Human Matter, by Rodrigo Rey Rosa

It’s hard to know quite what to make of Rodrigo Rey Rosa’s Human Matter: A Fiction (translated by Eduardo Aparicio). The subtitle, “a fiction,” doesn’t really help. This book is based on the time Rey Rosa spent about a decade ago in the Guatemala National Police’s Historical Archive. There is a lot of actual history and real-life events in this book, so much so that it’s hard to know where the non-fiction leaves off and the fiction begins. I was strongly reminded of Laurent Binet’s HHhH because both authors wrestle with the wide gap between what they can prove with historical fact, what they want to know, and what they can never know.

Binet’s problem was that so much documentation had been destroyed or otherwise lost since the end of World War II. Rey Rosa’s case is a lot more difficult because there are people who don’t want him in the Archives. These archives are a gold mine of information about the crimes and atrocities committed by the police under Guatemala’s dictatorships. Perhaps powder keg is a better term than gold mountain. As it is, Rey Rosa is there on sufferance. At the beginning of Human Matter, Rey Rosa is abruptly told not to come back to the Archive. It takes him days to get even a vague “reason” for his suspension. He pursues other channels and pulls in every contact he can to try and get back into the Archive. Meanwhile, Rey Rosa follows other leads to get documents that are Archives-adjacent; he’s on a big, unspecified hunt for something.

Ostensibly, Rey Rosa is hoping to find information about who kidnapped his mother for ransom in the early 1980s and to learn more about a shadowy but strangely powerful criminalist, Benedicto Tun, whose work is all over the archive. In reality, it seems like Rey Rosa is looking for whatever he can find. Human Matter begins with lists of people who were booked for political crimes, criminal offenses, witchcraft, disobedience towards parents, and sometimes no reason at all. From these lists, Rey Rosa visits libraries and conducting interviews to get a better idea of what the National Police were up to, especially in the 1950s. Readers who don’t know much about Guatemalan history (me, apart from what I picked up from Kelly Kerney’s novel, Hard Red Spring) may feel at sea. I recommend at least a quick trip to Wikipedia before picking up this book.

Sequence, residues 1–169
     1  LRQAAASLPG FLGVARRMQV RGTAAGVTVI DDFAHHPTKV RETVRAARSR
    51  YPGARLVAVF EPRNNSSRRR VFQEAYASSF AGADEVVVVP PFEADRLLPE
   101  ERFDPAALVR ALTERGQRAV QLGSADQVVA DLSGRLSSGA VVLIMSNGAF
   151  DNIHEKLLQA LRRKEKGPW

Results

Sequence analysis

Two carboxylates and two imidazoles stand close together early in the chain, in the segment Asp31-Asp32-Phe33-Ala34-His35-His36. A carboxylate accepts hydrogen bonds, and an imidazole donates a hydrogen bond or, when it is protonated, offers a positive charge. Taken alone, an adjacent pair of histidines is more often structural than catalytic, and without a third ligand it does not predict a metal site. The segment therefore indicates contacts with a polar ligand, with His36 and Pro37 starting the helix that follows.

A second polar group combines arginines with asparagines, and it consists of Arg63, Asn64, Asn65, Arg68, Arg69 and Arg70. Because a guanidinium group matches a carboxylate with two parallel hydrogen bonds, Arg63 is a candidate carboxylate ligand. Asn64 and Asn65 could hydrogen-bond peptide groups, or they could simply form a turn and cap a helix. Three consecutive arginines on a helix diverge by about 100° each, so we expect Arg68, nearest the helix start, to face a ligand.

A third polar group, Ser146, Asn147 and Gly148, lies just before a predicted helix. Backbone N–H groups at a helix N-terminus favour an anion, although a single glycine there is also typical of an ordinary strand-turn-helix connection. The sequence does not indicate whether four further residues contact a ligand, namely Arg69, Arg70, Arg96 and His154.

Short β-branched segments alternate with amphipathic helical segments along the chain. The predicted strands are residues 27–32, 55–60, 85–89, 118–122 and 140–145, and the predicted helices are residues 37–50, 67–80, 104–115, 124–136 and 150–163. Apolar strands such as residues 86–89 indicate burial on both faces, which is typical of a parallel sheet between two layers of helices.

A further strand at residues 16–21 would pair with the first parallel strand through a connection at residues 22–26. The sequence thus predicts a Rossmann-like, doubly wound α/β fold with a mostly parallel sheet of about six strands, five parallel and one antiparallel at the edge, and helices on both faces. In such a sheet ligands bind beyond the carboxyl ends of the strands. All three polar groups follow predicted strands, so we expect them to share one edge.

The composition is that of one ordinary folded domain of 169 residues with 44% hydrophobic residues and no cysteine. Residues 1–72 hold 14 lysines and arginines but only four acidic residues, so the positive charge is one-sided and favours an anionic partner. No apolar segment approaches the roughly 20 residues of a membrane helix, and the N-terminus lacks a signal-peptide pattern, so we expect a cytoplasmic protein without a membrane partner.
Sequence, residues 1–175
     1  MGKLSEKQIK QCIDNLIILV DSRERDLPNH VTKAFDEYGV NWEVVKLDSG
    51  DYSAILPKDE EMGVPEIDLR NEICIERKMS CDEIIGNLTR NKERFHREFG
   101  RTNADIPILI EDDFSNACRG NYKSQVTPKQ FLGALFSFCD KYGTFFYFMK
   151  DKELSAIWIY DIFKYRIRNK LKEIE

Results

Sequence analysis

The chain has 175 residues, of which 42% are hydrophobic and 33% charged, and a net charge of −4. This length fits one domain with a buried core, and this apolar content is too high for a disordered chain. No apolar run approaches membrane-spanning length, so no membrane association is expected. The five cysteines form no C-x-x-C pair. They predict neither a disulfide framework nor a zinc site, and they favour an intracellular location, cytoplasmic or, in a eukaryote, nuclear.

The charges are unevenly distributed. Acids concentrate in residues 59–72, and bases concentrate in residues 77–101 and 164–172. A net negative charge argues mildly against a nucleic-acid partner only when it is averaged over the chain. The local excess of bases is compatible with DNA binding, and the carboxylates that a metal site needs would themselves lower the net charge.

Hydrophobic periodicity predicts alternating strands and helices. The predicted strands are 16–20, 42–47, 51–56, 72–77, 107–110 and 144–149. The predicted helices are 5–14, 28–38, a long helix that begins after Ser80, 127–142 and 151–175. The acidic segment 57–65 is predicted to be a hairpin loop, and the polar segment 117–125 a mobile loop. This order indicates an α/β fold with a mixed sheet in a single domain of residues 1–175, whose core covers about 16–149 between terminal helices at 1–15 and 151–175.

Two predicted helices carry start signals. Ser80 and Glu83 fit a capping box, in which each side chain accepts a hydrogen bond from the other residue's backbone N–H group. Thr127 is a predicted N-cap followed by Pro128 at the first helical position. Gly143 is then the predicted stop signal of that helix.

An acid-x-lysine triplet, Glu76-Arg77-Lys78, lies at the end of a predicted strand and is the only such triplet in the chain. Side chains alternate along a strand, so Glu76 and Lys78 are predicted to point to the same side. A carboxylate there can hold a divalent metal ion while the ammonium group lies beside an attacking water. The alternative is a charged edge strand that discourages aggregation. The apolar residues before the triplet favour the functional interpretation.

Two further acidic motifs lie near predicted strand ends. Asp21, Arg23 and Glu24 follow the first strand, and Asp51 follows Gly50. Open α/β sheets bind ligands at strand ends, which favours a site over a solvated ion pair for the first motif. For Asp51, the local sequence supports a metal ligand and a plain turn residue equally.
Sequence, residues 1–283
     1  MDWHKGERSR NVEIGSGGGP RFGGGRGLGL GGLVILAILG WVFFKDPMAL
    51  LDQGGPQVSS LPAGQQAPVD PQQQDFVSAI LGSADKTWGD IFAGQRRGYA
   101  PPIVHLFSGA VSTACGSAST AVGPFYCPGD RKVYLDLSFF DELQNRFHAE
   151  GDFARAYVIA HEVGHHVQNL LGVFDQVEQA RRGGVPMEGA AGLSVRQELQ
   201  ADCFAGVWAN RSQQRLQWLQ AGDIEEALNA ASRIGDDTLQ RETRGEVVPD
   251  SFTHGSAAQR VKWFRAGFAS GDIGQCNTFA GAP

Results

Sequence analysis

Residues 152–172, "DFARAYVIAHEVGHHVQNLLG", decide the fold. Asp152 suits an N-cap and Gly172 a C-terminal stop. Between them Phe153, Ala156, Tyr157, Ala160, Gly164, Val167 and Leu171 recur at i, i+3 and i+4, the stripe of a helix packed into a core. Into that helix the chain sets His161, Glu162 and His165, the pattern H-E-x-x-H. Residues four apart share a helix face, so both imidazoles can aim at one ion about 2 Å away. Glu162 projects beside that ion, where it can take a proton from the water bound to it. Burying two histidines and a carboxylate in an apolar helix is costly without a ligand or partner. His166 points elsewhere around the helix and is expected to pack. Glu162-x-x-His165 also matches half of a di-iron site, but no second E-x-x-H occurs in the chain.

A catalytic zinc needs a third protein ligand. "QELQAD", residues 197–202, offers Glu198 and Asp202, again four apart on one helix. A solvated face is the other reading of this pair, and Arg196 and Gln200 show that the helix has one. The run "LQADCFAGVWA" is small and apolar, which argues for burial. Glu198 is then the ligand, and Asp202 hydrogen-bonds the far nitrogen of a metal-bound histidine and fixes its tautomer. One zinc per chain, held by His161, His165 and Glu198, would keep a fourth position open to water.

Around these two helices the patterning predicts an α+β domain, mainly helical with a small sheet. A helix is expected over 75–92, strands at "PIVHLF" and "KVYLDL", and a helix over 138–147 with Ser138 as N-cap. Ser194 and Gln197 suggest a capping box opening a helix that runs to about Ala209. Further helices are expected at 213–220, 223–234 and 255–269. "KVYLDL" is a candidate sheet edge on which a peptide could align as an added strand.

Human Matter is a meandering book, ably translated by Eduardo Aparicio, who really captures Rey Rosa’s voice. The more I read it, the more I liked it, even though I’m not sure what Rey Rosa was trying to accomplish here. I liked it because I liked reading about Rey Rosa’s increasingly dangerous quest for information, the questions he asked about the meaning of the documents he found, and whether or not it would be better to leave the past in the past. I also liked the way that Rey Rosa moved between micro and macro views. From the lists of names and crimes, Rey Rosa shows us criminal statistics compiled by the National Police. Holding both of those ideas in my mind sharply reminded me of the fact that statistics have stories behind them. The stories, what little we know about them, can make us doubt the data we see in front of us. We like to think of history as a solid bedrock but that image doesn’t always hold up. In Rey Rosa’s case, the bedrock is quicksand. Readers who like to think about the ethics of history, I think, will find a lot to like here.

I received a free copy of this book from the publisher via Edelweiss, for review consideration.

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